10 Ingredients to Avoid if You Have Sensitive Skin

Some days, I think I might be the queen of sensitive skin. Even the smallest things can cause my face to flare up into a red, itchy mess.

Sound like I’m being dramatic? I’m not.

If you’ve ever dealt with conditions like rosacea or eczema (or just deal with rash-prone skin in general) you’ll know what I’m talking about.

It’s because of this sensitivity that I watch the ingredients labels on my makeup and skincare products like a hawk. Knowing whatto look out for couldsave you from a nasty reaction you’d have liked to avoid.

Here are the 10 common culpritsthat I watch out for in particular!

10 Ingredients to Avoid if You Have Sensitive Skin

potential skin irritants

Buying a cosmetic product labeled “hypoallergenic” or “dermatologist tested” never guarantees that its trouble-free.

So, rather than relying on misleading labeling, jot down these common culprits and check the list next time you’re shopping for products:

1) Methylisothiazolinone (MI)

This one’s a doozy! In fact, this ingredient is so common in beauty products that I remember memorizing the word off the back of my shampoo bottle when I was 7-years-old.

Methylisothiazolinone (MI) is a common preservative that has been named the cause of one of the worst allergy outbreaks in history. In fact, 10 percent of patients test positive for an allergy to MI.

2) Bismuth Oxychloride

Bismuth Oxychloride has been known to cause redness, itching and stinging! If you’ve ever had an issue with mineral makeup, this is likely the culprit.

3) Petrochemicals

Petrochemicals are ingredients derived from petroleum. Liquid paraffin and mineral oil fall into this category. Petroleum-derived products are designed to create an oily layer over the skin, to prevent moisture from escaping. (Vaseline is one such product.)

But these ingredients can also cause a build-up of product, causing bacteria to grow and ultimately block pores. No thank you!

4) Sodium Lauryl Sulphate (SLS)

Sodium lauryl sulphate (and its sister: (SLES) Sodium Laureth Sulfate) is commonly used in shampoos and cleaning products as a foaming agent, and easily upsets the protective layer of oils on the skin. Still, it’s used in products recommended for people with eczema. A little counter-intuitive don’t you think?

5) Phthalates

Commonly listed as dinbuytl phthalate or DBP, this is a plasticizing ingredient used to increase pliability in nail polish. Unfortunately, phthalates are a carcinogen, plus a possible cause of birth defects, allergic reactions and eczema.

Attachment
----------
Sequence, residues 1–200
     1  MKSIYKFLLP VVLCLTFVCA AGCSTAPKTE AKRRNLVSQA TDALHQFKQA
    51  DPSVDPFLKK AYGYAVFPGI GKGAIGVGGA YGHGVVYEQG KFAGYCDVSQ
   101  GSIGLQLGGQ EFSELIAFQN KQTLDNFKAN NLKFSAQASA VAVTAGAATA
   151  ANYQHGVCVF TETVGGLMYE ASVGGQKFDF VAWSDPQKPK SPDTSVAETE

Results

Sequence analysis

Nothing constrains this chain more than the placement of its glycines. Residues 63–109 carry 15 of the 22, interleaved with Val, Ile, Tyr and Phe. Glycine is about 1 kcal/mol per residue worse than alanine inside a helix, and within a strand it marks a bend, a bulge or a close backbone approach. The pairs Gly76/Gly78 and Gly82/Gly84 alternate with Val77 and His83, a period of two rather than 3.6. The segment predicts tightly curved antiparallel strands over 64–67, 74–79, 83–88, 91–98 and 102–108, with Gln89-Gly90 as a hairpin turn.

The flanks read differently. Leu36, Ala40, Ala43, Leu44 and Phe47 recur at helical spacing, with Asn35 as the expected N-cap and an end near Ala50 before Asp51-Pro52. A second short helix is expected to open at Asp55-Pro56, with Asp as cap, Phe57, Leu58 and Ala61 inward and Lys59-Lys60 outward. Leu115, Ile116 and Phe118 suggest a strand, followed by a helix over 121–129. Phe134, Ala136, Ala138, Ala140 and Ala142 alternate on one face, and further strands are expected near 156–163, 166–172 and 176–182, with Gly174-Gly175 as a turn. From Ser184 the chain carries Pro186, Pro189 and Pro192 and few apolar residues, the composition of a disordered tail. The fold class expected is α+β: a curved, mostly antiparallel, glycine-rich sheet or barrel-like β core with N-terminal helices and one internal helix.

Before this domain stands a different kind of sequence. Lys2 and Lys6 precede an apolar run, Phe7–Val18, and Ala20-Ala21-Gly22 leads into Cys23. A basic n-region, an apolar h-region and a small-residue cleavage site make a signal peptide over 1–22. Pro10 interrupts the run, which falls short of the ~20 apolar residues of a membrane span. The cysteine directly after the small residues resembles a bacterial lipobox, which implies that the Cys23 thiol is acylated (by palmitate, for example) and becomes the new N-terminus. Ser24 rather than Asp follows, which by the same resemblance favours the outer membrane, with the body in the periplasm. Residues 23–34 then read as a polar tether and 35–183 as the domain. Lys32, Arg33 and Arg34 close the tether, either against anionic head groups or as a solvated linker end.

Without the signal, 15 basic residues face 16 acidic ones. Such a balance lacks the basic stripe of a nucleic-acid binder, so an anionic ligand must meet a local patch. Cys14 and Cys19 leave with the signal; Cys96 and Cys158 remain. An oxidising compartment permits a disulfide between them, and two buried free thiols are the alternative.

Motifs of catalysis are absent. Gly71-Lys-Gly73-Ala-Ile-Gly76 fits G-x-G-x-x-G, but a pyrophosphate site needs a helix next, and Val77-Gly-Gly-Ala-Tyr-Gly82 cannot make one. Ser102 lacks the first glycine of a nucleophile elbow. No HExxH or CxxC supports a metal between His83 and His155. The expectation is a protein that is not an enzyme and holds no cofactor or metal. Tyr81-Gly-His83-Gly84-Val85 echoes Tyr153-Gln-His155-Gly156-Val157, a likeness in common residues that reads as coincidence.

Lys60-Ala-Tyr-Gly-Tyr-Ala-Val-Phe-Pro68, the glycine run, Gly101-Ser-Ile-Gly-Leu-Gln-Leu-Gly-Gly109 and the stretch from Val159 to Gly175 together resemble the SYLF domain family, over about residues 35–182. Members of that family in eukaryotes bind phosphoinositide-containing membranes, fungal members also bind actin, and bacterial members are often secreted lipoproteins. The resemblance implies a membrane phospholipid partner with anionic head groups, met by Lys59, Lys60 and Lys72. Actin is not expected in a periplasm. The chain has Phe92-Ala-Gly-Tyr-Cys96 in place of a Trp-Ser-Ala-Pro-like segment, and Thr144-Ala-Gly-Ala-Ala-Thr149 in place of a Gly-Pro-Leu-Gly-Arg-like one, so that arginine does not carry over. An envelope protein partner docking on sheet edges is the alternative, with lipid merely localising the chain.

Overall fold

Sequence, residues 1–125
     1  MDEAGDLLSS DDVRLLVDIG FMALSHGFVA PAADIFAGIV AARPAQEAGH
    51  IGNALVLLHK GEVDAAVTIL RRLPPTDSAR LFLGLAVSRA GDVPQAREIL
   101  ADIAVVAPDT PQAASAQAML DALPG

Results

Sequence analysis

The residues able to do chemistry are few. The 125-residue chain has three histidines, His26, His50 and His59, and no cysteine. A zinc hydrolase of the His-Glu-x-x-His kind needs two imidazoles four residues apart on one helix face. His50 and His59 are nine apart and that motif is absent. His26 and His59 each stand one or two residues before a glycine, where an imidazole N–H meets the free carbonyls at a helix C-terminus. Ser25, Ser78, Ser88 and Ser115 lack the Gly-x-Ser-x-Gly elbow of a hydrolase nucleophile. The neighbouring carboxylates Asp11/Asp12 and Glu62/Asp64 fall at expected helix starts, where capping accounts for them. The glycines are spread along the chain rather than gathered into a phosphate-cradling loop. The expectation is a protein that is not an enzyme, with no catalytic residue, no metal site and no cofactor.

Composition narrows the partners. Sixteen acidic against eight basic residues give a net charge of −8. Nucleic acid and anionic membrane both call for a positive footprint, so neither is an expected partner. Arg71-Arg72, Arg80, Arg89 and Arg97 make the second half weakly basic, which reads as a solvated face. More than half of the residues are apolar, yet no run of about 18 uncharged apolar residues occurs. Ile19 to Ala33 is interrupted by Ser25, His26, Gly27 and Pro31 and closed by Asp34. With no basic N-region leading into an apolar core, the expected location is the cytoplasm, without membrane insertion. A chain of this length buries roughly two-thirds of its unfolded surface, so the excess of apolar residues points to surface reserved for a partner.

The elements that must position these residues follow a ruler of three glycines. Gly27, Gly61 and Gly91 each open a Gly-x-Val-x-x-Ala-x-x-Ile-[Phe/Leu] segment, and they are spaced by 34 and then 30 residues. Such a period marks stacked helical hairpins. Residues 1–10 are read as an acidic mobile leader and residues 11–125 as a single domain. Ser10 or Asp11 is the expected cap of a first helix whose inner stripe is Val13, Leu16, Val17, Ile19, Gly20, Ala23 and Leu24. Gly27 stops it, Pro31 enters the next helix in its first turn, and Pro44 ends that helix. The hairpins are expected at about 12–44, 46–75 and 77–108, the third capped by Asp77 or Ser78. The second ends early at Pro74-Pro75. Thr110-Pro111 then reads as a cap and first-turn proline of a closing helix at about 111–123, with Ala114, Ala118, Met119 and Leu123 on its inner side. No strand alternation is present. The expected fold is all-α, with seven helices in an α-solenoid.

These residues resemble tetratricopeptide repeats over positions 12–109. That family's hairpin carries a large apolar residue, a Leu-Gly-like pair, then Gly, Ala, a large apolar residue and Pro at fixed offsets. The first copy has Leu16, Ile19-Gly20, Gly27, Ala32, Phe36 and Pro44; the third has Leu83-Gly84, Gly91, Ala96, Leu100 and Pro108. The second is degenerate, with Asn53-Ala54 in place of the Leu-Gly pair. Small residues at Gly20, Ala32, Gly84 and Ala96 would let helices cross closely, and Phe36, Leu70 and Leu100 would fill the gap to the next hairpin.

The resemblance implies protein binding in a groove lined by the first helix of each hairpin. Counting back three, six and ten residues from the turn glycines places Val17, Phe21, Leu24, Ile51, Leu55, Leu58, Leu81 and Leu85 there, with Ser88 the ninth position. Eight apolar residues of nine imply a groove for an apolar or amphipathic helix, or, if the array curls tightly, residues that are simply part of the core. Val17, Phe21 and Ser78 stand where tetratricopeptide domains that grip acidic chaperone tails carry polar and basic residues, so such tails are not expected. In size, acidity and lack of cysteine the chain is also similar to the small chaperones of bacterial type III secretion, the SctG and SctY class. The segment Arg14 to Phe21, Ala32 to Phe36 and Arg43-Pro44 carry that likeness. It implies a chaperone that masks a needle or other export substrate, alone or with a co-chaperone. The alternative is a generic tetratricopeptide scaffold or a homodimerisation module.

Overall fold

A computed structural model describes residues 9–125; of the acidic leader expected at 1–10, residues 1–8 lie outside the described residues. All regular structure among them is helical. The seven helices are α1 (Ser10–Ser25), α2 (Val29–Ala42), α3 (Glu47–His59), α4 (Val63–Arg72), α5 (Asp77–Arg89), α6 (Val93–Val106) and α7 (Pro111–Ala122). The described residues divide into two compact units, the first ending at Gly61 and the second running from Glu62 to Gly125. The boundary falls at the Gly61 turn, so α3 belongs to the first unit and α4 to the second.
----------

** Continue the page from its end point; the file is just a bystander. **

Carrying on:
Europe banned these. Why keep them?

Related: 12 Non-Toxic Nail Polish Brands

potential skin irritants (1)

6) Triclosan

Triclosan is an antibacterial agent often found in hand sanitizers and antibacterial soaps. However, this ingredient has a reputation for inflaming itchy rashes on the hands, so I’d suggest steering clear.

7) Fragrances

Fragrance is easily the number one cause of contact dermatitis (the fancy name for skin reactions to irritating ingredients). In fact, the term “fragrance” can actually hold under its umbrella a number of nasty ingredients that can cause rashes, red or brown streaks called berloque dermatitis and more.

Look for products that are labeled “fragrance-free,” not just “unscented.” Sometimes “unscented” means the product still contains a masking fragrance, designed to hide unpleasant, chemical odors.

8) Formaldehyde

Thought formaldehyde was a thing of the past? Not so. In fact, the most common cause of eyelid dermatitis is formaldehyde in nail polish. Most popular nail polish brands feature preservative ingredients that release formaldehyde upon use. Look for names like “imidazolidinyl urea” or “quaternium 15.”

9) Cinnamic Acid

You don’t need to be afraid of all acids in beauty products; however, cinnamic is one you should definitely keep your eye on. A tartar-fighting ingredient in toothpaste, cinnamic acid can be the cause of itchy rashes around the lips and mouth. No thank you!

10) Essential Oils

Yes, yes I know – I was surprised too! See, essential oils are veryconcentrated substances. And while they can do amazing work when used inhomemade cleaning solutions or remedies for illness, their safe use on the skin is a little more of a contentious issue.

If you have normal, ‘strong’ skin, you may be able to use essential oils like tea tree oil without concern. However, those of us in the sensitive category should be wary!

Keep an out out for oils in the citrus family in particular.

Already facing contact dermatitis? Check out this post on How to Calm a Topical Allergic Reaction to help soothe it.


Jerome S
Jerome Sabout a year ago


Jim Ven
Jim Venabout a year ago

thanks for sharing.

Marcin J
Marcin Jabout a year ago


Nellie K Adaba
Nellie K Adabaabout a year ago


Dennis Hall
Dennis Hallabout a year ago

Thank you.

Margie F
Margie FOURIEabout a year ago

Most of the above I cant even pronounce and if I can pronounce it, I dont use it.

Danuta W
Danuta Wabout a year ago

Thank you for sharing this info

Telica R
Telica Rabout a year ago

Thank you

natasha s
Past Member about a year ago


Quanta Kiran
Quanta Kiranabout a year ago